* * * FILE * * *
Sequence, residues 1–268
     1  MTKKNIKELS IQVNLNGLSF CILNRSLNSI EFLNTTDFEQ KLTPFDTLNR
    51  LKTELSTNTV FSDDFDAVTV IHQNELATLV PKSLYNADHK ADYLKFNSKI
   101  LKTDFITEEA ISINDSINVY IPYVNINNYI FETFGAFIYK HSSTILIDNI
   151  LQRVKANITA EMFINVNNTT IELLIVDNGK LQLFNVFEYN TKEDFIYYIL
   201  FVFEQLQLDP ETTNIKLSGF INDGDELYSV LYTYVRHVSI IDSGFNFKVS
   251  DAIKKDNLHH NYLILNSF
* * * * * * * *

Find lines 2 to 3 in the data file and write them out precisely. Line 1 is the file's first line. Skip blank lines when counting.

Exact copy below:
     1  MTKKNIKELS IQVNLNGLSF CILNRSLNSI EFLNTTDFEQ KLTPFDTLNR
    51  LKTELSTNTV FSDDFDAVTV IHQNELATLV PKSLYNADHK ADYLKFNSKI